Zuma wants answers on 'secret and inappropriate discussions' between KZN judge president and state
Former president Jacob Zuma has accused the state of inappropriately corresponding with KwaZulu-Natal judge president Achmat Jappie on criminal proceedings against him.
In a letter to Jappie and KwaZulu-Natal deputy judge president Mjabuliseni Isaac Madondo on Monday, Zuma's lawyer Eric Mabuza requested an explanation for “what appears to be secret and inappropriate discussions” between the state and Jappie.
Mabuza was referring to an e-mail sent on May 20 by state advocate Billy Downer to Jappie. The e-mail was allegedly sent “pursuant to your request to be informed of the expected duration of the trial and a proposed trial date”.
On Tuesday Mabuza confirmed that he had sent the letter, which was leaked on Twitter, to Jappie and Madondo to address the inappropriate correspondence and the rejection of the state's suggestion that the trial be postponed to next year.
“Of course, Mr Zuma is very concerned about this matter as it is a serious matter. It cannot be ignored,” he said.
He has not received a response to the letter.
“We will have to wait to see if we do receive a response and then we will have to meet our client to discuss it. It’s a serious matter and we need time to address it,” Mabuza said.
In the letter, Mabuza said Zuma had objected to the correspondence on the basis that his legal team was not party to or informed of the communication between Jappie and the state. Furthermore, Zuma was concerned that it appeared that Jappie, who had not been involved in the case against him, had initiated the correspondence when his legal team's understanding was that Madondo was the only designated judicial officer with whom parties should communicate in respect of the management of the case.
Zuma was also concerned that the state had discussed the merits of the case with Jappie.
“Unless a satisfactory explanation is given our client will be left with no choice but to suspect that there are attempts to manipulate the composition of the bench which ought to hear this matter. We have indicated to our client that this must be some misunderstanding or genuine error. However, given the history of this matter and how he believes he is being persecuted by the system, he remains apprehensive and concerned by what appears to be secret and inappropriate discussions between the state and the honourable judge president.”
Mabuza said Zuma humbly requests an explanation as to how “this situation was allowed to occur”.
“On the basis of that explanation and any proposed remedial measures, he will consider whether or not there is still a need to escalate the matter any further to the Judicial Services Commission and or the chief justice or the integrity division within the office of the national director of public prosecutions.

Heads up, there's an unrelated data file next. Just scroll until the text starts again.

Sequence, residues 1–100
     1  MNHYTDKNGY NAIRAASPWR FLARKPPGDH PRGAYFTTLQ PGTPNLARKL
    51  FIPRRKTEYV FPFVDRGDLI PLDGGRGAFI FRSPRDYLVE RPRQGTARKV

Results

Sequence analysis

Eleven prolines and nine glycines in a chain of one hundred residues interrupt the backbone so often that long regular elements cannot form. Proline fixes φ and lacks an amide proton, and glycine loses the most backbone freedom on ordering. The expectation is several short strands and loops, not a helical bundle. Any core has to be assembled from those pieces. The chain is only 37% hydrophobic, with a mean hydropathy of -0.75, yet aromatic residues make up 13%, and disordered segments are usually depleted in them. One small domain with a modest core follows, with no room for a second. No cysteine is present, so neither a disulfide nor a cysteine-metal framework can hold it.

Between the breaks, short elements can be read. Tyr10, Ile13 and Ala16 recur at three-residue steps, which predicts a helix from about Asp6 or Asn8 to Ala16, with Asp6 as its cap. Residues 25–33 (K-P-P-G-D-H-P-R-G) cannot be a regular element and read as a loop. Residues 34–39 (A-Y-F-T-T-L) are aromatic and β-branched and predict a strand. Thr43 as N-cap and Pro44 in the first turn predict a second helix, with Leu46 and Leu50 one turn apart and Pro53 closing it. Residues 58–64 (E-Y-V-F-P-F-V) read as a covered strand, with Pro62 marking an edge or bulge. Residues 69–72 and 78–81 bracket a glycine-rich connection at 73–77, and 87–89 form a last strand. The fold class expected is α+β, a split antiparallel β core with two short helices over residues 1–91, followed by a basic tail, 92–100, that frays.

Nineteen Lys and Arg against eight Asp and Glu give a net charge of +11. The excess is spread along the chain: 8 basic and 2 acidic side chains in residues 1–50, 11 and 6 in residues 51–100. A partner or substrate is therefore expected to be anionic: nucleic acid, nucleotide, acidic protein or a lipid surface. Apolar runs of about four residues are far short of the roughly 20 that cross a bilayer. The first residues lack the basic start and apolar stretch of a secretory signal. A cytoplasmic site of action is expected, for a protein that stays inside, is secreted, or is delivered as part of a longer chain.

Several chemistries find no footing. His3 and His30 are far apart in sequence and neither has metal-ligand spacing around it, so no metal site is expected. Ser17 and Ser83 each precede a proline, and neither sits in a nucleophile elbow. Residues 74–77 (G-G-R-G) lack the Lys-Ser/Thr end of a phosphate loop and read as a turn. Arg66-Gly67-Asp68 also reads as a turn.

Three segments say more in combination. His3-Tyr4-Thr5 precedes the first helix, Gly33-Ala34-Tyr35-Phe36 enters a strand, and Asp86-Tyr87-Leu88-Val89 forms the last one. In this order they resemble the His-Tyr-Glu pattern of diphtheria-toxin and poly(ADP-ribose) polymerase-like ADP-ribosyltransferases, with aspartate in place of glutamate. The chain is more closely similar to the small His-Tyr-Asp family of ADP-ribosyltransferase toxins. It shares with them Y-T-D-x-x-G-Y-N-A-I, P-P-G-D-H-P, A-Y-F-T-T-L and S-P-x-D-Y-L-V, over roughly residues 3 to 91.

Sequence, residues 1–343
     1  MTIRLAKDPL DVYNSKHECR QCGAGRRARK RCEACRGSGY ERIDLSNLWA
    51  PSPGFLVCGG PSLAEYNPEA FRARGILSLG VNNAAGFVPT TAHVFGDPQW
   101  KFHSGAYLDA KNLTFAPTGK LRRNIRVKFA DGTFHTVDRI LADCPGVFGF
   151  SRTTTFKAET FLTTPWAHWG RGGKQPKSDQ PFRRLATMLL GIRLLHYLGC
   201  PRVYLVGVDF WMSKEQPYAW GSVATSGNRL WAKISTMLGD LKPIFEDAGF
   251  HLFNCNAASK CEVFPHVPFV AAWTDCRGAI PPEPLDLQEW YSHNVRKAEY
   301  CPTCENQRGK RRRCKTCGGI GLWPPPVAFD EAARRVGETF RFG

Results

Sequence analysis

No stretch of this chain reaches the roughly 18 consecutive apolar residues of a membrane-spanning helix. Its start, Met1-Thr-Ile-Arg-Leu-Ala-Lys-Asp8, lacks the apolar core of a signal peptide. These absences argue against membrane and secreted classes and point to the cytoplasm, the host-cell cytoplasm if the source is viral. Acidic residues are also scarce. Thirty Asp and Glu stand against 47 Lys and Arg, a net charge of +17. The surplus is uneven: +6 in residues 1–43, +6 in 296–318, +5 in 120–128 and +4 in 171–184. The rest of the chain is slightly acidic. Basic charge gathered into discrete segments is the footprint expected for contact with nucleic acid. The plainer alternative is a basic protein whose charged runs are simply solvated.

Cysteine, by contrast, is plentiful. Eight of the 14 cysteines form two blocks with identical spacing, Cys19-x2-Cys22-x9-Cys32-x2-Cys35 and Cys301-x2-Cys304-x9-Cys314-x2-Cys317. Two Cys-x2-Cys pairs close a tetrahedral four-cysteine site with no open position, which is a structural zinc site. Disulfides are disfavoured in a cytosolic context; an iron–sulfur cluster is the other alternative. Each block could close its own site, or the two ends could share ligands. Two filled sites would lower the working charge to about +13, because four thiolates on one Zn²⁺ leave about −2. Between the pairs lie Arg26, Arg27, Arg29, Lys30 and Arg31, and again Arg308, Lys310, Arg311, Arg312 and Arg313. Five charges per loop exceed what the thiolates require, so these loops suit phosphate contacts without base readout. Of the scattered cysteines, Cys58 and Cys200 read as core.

Director of public prosecutions in KwaZulu-Natal advocate Elaine Zungu said the National Prosecuting Authority could confirm that the correspondence was conducted in the normal course.
“Any issues arising will be dealt with during proceedings; the merits of which are not discussed as they are sub judice.”
The office of the chief justice could not be reached for comment.
Meanwhile, the Jacob Zuma Foundation was "dismayed and concerned" by the latest developments.
“Firstly, the state is now seeking to postpone the trial to a date in 2021 stating, among other reasons, that the prosecution needs more time to prepare for the trial despite having repeatedly stated to the court that it was ready to proceed. The state has also repeatedly accused former president JG Zuma of delaying the trial and having caused the court to issue a warrant of arrest for former president JG Zuma for non-attendance at court while having been given prior notice of his unavailability for health reasons.
“The foundation thus places on record as previously stated, that former president JG Zuma is ready to proceed with the trial immediately and that it is now the state that is seeking postponement of the trial on a variety of frivolous grounds at this point,” it said in a statement.
The foundation said Downer's correspondence with Jappie casts a dark shadow on the fairness of the legal process and the prospects of a fair trial.
“The foundation thus calls upon the chief justice and Judicial Services Commission to look into these developments with the view of restoring the integrity of the legal system of SA. The foundation reiterates that the injustice and prejudice that former president JG Zuma continues to suffer at the hands of the state is a violation of his right to be treated equally before the law and his right to fair trial.
“The foundation further calls upon the state to reveal the contents of its communication with the judges in this case and provide reasons in law that warrant and justify this conduct to prove to the SA public that there are no ulterior motives that inform their treatment of former president JG Zuma.”
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